Previous studies in our laboratory showed that temporal acuity as assessed by modulation detection thresholds (MDTs) varied across activation sites and that this site-to-site variability was subject specific. Using two 10-channel MAPs, the previous experiments showed that processor MAPs that had better across-site mean (ASM) MDTs yielded better speech recognition than MAPs with poorer ASM MDTs tested in the same subject. The current study extends our earlier work on developing more optimal fitting strategies to test the feasibility of using a site-selection approach in the clinical domain. This study examined the hypothesis that revising the clinical speech processor MAP for cochlear implant (CI) recipients by turning off selected sites that have poorer temporal acuity and reallocating frequencies to the remaining electrodes would lead to improved speech recognition. Twelve CI recipients participated in the experiments. We found that site selection procedure based on MDTs in the presence of a masker resulted in improved performance on consonant recognition and recognition of sentences in noise. In contrast, vowel recognition was poorer with the experimental MAP than with the clinical MAP, possibly due to reduced spectral resolution when sites were removed from the experimental MAP. Overall, these results suggest a promising path for improving recipient outcomes using personalized processor-fitting strategies based on a psychophysical measure of temporal acuity.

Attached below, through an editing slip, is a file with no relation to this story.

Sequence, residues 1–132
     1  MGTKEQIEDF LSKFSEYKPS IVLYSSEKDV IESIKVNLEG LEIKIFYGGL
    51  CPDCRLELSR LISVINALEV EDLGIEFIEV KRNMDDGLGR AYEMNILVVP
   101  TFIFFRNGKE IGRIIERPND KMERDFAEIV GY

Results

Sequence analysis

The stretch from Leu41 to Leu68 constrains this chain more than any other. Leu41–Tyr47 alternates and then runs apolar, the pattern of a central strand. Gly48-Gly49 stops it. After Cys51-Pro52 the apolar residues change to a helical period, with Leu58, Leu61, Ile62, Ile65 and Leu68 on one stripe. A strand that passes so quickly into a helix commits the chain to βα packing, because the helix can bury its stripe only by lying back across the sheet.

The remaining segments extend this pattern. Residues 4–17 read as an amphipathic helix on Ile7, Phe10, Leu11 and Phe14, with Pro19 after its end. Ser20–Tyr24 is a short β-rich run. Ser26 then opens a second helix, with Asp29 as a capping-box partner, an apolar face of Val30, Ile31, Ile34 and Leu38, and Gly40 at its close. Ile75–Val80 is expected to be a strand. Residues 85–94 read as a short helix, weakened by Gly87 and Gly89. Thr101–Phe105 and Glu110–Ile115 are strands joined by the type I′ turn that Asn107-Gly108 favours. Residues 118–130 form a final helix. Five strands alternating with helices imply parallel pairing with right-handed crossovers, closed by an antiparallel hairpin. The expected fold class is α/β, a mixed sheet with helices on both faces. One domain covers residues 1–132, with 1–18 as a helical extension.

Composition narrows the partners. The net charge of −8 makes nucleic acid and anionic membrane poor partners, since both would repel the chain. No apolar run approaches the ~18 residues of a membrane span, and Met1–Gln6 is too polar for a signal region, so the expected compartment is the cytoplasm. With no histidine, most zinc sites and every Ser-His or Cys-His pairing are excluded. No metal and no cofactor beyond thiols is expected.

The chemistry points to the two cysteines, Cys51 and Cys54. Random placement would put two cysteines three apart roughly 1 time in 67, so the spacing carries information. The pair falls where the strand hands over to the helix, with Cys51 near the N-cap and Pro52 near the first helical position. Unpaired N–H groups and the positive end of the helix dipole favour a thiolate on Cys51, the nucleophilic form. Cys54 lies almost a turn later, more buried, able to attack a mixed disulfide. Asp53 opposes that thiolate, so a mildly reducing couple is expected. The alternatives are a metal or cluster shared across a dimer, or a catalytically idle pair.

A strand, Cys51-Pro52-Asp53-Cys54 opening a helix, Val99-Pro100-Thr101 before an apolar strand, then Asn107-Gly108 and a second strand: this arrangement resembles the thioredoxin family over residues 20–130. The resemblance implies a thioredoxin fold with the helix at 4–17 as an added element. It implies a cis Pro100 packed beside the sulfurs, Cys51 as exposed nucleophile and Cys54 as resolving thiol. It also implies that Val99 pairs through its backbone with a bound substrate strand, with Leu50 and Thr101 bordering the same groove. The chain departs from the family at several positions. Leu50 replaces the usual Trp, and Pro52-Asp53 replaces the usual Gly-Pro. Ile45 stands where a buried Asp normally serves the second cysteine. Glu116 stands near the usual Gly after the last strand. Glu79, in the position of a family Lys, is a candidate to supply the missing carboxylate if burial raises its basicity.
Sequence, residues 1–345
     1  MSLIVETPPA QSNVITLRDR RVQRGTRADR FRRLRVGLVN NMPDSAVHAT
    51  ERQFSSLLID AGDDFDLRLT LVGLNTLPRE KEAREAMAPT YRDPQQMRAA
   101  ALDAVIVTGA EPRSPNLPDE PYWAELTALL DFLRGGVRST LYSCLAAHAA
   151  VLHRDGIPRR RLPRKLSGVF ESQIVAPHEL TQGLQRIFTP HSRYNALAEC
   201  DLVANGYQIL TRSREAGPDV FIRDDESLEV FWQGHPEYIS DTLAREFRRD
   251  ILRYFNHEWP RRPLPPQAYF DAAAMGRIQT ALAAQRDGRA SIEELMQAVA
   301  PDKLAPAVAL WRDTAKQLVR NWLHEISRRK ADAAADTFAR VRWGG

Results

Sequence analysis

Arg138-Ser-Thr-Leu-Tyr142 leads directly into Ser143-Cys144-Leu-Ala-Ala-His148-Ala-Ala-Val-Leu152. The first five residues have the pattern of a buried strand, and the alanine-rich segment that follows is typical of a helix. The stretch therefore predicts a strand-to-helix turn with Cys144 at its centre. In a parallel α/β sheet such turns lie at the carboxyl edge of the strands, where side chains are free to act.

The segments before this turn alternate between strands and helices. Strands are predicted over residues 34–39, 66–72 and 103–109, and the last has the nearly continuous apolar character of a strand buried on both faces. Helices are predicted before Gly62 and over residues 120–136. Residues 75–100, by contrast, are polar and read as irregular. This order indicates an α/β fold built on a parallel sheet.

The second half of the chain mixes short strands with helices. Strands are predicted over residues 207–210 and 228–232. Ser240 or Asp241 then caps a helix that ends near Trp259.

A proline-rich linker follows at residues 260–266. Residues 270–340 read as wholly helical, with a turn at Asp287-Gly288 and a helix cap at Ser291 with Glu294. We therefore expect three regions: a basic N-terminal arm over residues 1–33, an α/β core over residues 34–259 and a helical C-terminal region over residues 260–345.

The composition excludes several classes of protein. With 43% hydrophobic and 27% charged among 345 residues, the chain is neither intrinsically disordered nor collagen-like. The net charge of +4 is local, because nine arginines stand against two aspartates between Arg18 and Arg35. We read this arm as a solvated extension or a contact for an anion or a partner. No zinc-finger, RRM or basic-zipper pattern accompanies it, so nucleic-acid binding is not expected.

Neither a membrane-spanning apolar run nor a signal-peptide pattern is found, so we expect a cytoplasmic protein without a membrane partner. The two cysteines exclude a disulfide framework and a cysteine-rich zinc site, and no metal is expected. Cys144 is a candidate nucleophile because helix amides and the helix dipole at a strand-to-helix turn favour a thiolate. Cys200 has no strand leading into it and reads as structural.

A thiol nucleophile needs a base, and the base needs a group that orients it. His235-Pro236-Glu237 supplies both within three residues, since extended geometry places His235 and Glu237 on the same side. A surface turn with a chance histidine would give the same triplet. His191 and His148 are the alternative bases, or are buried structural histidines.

doi:10.1159/000351302
PMCID: PMC3874548  PMID: 23881208
Cochlear implantation; across-site differences; speech recognition; modulation detection thresholds; personalized processor fitting
11.  Long-Term Speech and Language Outcomes in Prelingually Deaf Children, Adolescents and Young Adults Who Received Cochlear Implants in Childhood 
Audiology & neuro-otology  2013;18(5):289-296.